This weekend was an inflection point in the Republican presidential race — a moment in which some significant part of the GOP establishment came out of denial and realized Donald Trump might well become their party's nominee.
"The Republican establishment, for the first time, is saying, off the record, this guy can win," noted Joe Scarborough on MSNBC Monday morning. "I've heard that from everybody. I don't hear anybody saying he can't win the nomination anymore."
That doesn't mean Republicans have made their peace with a Trump victory. On the contrary — some are preparing to do whatever it takes to bring him down. Which could lead to an extraordinary scenario in which GOP stalwarts go to war to destroy their own party's likely nominee.
Over the weekend I talked to a leading conservative who opposes Trump. I asked what would happen if January comes and Trump is still dominating the race. Would he and other conservatives make their peace with Trump's candidacy, or would there be massive resistance?
"Massive resistance," was the answer. "He's not a conservative."
Insiders have watched as Trump defied what many believed were immutable laws of the political universe. First they thought Trump wouldn't run. Then they thought voters wouldn't take a reality-TV star seriously. Then they thought gaffes would kill Trump as they had other candidates. None of that turned out as expected.
But there is one belief Trump has not yet tested, and that is the political insiders' unshakeable faith that negative ads work.
"I don't think Trump can withstand 10,000 points of smart negative in Iowa and New Hampshire," says one veteran Republican strategist who is not affiliated with any campaign. "It would force him to spend money. That's when this starts to get real for him." ("Points" refers to gross ratings points, a way of measuring TV ad buys; 10,000 points would be a really big buy, meaning the average viewer would see an anti-Trump ad many, many times.)
There is no central anti-Trump conspiracy. But one group that would like to play a leading role in taking him down is the Club for Growth. In September, the Club ran two ads against Trump in Iowa — 2,000 points — with one arguing that Trump is not a true conservative and the other hitting Trump for his support of the Supreme Court's Kelo decision on eminent domain.
"We primed the pump with our ads in Iowa," says Club president David McIntosh. "We did some polling afterward. The ads flipped Trump from first to second place among caucus-goers and put a dent in his approval rating."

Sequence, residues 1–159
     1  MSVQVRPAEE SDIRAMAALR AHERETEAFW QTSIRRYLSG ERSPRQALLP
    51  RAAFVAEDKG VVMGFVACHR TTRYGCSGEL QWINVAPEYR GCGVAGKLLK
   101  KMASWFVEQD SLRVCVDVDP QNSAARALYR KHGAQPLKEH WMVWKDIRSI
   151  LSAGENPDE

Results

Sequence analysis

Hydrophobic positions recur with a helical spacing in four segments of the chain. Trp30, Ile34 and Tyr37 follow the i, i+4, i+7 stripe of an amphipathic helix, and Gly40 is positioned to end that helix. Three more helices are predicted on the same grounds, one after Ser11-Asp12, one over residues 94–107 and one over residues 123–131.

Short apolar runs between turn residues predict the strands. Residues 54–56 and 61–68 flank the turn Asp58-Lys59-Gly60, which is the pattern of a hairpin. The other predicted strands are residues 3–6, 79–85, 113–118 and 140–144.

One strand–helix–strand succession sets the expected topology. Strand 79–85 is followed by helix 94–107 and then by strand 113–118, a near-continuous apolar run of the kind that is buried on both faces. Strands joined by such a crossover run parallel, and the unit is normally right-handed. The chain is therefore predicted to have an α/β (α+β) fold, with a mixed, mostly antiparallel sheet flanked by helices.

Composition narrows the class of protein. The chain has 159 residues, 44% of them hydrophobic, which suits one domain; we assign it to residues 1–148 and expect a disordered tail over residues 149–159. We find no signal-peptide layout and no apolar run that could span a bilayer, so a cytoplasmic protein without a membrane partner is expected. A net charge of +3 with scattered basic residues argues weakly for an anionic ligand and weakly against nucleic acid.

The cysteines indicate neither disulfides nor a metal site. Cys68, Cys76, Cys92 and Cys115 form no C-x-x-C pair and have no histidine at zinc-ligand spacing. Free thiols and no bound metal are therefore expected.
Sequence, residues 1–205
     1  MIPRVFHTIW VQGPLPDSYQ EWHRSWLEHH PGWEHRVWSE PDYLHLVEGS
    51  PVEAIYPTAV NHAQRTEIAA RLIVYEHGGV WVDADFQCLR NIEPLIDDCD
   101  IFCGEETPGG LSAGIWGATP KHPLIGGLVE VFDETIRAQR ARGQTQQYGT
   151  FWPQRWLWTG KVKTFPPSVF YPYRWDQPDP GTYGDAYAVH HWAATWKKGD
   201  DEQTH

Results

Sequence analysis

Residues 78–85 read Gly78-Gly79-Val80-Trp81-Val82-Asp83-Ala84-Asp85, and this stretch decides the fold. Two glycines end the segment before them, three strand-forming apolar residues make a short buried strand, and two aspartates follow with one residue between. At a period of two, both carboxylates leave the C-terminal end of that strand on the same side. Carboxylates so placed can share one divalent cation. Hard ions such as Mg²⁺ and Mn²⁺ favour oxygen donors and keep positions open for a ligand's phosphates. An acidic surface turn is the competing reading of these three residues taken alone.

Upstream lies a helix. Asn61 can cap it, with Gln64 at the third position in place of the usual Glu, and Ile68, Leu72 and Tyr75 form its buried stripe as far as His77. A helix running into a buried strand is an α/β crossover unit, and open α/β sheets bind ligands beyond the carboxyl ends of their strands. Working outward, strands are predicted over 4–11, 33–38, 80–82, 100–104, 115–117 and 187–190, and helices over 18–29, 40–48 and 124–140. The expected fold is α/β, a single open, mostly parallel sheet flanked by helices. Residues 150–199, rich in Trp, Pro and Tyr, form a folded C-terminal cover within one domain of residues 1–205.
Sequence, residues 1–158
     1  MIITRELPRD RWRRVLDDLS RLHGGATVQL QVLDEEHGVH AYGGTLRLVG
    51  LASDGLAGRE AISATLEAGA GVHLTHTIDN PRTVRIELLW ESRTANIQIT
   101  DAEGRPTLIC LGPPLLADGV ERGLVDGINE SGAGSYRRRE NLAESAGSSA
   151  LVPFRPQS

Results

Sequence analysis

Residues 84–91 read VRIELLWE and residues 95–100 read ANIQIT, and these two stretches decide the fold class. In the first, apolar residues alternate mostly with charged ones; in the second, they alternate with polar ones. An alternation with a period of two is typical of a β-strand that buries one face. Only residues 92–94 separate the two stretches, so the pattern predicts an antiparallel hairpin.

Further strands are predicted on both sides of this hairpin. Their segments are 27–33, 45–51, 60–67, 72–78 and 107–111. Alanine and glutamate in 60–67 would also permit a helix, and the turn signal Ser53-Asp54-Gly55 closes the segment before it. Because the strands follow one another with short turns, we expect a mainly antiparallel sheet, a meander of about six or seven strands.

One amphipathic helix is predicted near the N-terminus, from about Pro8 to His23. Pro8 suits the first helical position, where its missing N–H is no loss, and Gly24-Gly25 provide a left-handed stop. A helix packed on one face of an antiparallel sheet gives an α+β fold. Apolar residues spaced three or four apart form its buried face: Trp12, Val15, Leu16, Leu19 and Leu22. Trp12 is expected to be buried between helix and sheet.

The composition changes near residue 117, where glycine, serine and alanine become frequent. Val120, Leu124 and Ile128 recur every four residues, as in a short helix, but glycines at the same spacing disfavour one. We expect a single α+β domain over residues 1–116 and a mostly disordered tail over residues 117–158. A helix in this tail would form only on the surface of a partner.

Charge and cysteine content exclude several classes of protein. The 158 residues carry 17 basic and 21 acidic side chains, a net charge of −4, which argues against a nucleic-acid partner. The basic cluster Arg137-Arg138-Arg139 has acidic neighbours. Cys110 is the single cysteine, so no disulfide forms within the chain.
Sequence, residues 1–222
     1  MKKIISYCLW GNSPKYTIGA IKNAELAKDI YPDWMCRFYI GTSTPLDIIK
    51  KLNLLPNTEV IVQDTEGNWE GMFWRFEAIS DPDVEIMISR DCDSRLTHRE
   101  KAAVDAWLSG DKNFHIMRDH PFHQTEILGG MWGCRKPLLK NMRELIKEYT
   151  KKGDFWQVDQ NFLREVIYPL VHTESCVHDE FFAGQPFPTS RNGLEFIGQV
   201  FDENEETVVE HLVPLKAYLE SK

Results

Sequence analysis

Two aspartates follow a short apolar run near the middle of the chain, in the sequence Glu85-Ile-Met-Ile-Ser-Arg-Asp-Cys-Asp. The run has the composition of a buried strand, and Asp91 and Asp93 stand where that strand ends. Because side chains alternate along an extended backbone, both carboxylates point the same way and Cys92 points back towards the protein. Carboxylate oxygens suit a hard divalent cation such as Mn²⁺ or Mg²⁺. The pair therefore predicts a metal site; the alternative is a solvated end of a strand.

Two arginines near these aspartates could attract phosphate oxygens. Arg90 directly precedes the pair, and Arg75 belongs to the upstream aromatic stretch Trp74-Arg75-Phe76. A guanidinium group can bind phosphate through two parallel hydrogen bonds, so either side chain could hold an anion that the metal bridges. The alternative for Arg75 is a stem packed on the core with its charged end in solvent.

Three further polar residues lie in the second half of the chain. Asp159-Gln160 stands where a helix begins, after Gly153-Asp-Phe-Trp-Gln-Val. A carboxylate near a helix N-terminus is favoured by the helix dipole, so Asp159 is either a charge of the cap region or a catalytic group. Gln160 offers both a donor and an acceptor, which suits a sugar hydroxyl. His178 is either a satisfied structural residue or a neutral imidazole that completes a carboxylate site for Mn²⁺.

McIntosh is looking for donors to fund an anti-Trump campaign that would hit hard in the month before voting begins. It might be a Club for Growth production, or it might be a combination of efforts. "There is no other group that has decided to do it," says McIntosh. "There are a large number of donors and political activists who want to do it."
The triggers for the anti-Trump onslaught would likely be: 1) if next month arrives with Trump still in the lead, and 2) if Trump begins airing his own ads. "Once that starts, you'll see a lot of people saying we've waited long enough," notes McIntosh.
While that is going on, officials at the Republican National Committee vow to stay out of things. Asked what role the RNC might play in any movement against Trump, strategist and spokesman Sean Spicer said, "None. None. Zero. It is up to Republican voters to decide who our nominee is, not the RNC." Indeed, other sources inside the RNC say chairman Reince Priebus has stressed to staff that they must stay out of candidate fights.
The anti-Trump campaign will face several challenges. The biggest is the voters who support Trump. Conservative groups like the Club believe they can convince those voters that Trump is not a true conservative. Perhaps they can. But what if a large number of his voters are not wed to conservative orthodoxy as defined by Washington-based organizations?
The other problem is Trump himself. If he decides to spend serious money on his campaign — and some GOP veterans still aren't convinced he will — he can launch a serious counterpunch to any anti-Trump campaign.
And then there is the fact that Trump is improving as a candidate. Just look at Sunday's interview on "Fox News Sunday" in which he was sharp, focused, and forceful. A talented candidate who does something over and over again will get better at it. Trump is better than he was just a month ago, which is not good news for his opponents.
Some anti-Trump Republicans still harbor hope Trump will begin to fade all by himself. Yes, Trump, who has been atop the RealClearPolitics average of national polls for three months straight, has outlasted the various flavor-of-the-months from the 2012 GOP race. But opponents point out that Rudy Giuliani led the poll average for an incredibly long time four years earlier — from February 2007 to January 2008 — before sinking when voting actually began. Their hope is the same will happen to Trump.
It could. But a closer look at the 2007-2008 polls shows that Giuliani was almost always trailing in Iowa, New Hampshire, and South Carolina. And of course, ignoring the early states killed his candidacy. Trump, on the other hand, is on top in those three states, plus Nevada — all the states that will vote first in February. His organization is growing. He is hiring smart operatives. The Giuliani analogy doesn't apply.
Which makes it more likely that the anti-Trump forces will ultimately have to take it on themselves to go on the attack. Their core belief is that Trump cannot withstand a long and withering bombardment of negative ads. But core beliefs have been cast aside repeatedly in this race. That might happen again.